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Sunday, January 24, 2021

Andre Carson, other Dems call for RFRA repeal

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 On Monday, Congressman André Carson joined other Democrats calling for a repeal to Indiana’s Religion Freedom Restoration Act (RFRA), which was signed into law last week behind closed doors with the stroke of Republican Gov. Mike Pence’s pen.

“As a lifelong Hoosier, I know the love and diversity that Indiana has to offer,” said Carson, in a statement. “Last week, I was saddened and disappointed to see the passage of Indiana’s SB 101—a bill that allows discrimination under the disguise of religious freedom.”

“There is no place in Indiana, or anywhere in America, for a law like SB 101. As our country celebrates the 50th anniversary of several pieces of legislation outlawing discrimination and intolerance, Indiana’s Governor and members of the State Legislature have chosen to go back to America’s days of intolerance and injustice.

“I urge our state leaders to repeal this backwards law. The effects of discrimination are already being seen across our state and Hoosiers everywhere should not have to suffer the financial and social consequences that are caused by living in a state with such offensive legislation.”

Meanwhile, in the wake of national controversy surrounding RFRA, Republican Mayor Greg Ballard said that “Indianapolis welcomes everybody” and vowed that no one will face discrimination at the NCAA men’s basketball Final Four this coming weekend.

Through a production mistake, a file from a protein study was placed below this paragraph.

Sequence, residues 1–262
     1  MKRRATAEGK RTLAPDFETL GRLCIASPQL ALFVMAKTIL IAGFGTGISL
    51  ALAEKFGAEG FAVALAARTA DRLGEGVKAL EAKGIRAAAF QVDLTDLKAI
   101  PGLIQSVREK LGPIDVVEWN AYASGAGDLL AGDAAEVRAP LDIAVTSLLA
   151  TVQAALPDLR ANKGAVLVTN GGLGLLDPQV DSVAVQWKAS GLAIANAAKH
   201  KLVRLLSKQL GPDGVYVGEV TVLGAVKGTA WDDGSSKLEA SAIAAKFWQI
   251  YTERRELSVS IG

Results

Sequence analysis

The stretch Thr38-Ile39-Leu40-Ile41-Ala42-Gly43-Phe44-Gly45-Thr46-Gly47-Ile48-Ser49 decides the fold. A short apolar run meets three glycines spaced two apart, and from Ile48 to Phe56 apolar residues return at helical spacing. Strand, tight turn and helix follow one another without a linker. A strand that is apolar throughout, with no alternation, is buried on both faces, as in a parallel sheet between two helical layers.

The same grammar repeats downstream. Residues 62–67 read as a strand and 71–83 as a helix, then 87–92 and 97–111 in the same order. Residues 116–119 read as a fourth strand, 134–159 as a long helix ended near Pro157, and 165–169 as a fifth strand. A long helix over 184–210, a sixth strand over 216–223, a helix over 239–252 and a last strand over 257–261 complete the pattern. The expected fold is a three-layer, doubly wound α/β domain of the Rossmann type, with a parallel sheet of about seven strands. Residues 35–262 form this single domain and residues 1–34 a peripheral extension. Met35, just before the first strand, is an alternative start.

“Discrimination is wrong,” said Ballard. The mayor is asking that sexual orientation and gender identity be added to protected classes in state law.

RFRA backers have argued that the legislation was necessary to protect the rights of Americans to follow their religious convictions free from undue government interference.

Conservative activists and others who back RFRA have pointed out that there are already religious freedom acts elsewhere in the nation.

In response, RFRA critics point out that Indiana’s measure comes in the wake of legalization of same-sex marriage, is a broader law, and that Indiana lacks a state hate crime law and certain other legal protections for its GLBT citizens.

Anthem, Angie’s List, Eli Lilly, Emmis Communications and I.U., have expressed concern that RFRA will permit discrimination against gays and lesbians.

Gov. Pence has pledged that he will seek introduction of legislation to “clarify” that RFRA is not meant to promote discrimination.



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